The Collection Connections section of America Singing: Nineteenth-Century Song Sheets, provides some great ideas for comparing perspectives of the Civil War based on the lyrics from popular song sheets published during the time period.
The popularity of song sheets reached its peak during the second half of the nineteenth century and a large portion of this collection relates to the Civil War. Searches on terms such as Union, Confederate, and Lincoln, yield songs recruiting and rallying troops on both sides of the battlefield. “Hurrah for the Union” announces, “Our ship’s the Constitution, and good patriots at the helm / Will bring us into action, and our foes we’ll overwhelm” while “Hurrah for the South! Hurrah” declares, “The genius of old Liberty . . . has cast / The tyrant’s might away.”
Confederate songs such as “Old Mr. Lincoln” and “The Retreat of the Grand Army from Bull Run” chronicle victories over the Union army and President Lincoln’s dismay with choruses such as “Poor old Abe Lincoln! / Your power over the South / Indeed is played out!” Other songs such as “The Old Union Wagon” profess faith in the Union and encourage the nation to “Stick to the . . . Old Union Wagon, / The triumphant wagon, Abe Lincoln’s bound to ride.”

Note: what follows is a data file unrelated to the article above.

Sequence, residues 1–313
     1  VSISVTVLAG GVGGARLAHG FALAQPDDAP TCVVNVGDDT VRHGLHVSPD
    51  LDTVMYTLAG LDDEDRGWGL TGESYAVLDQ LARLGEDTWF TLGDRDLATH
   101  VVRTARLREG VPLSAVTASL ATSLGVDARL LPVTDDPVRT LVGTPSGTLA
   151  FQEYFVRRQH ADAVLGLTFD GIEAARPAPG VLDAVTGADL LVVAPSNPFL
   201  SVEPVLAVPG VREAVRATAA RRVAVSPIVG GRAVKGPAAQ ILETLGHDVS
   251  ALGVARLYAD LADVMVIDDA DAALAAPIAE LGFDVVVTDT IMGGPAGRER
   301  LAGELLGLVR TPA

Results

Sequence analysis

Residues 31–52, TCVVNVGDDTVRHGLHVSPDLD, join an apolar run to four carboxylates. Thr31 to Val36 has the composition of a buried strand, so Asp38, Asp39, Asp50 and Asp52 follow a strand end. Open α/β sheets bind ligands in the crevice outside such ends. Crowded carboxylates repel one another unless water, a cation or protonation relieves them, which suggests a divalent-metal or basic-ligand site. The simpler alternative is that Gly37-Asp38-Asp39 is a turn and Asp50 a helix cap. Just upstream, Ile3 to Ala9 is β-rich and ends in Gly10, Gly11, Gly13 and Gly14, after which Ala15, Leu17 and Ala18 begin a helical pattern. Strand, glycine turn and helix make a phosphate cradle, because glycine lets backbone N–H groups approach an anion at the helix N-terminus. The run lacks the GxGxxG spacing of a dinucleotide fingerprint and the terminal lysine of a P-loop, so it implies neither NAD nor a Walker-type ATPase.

- What types of imagery appear in these songs?
- How did Union and Confederate songwriters portray their positions in terms of liberty, constitutionality, treason, and tyranny?
- How did both sides describe the attitudes and actions of their opposition?
- Do you believe that these were accurate portrayals? Why or why not?
- Do you think that these songs were helpful in rallying either troops or volunteers? Why or why not?
- How is Abraham Lincoln described in both Union and Confederate songs?
- Why do you think that Lincoln and his policies were an important topic in many songs?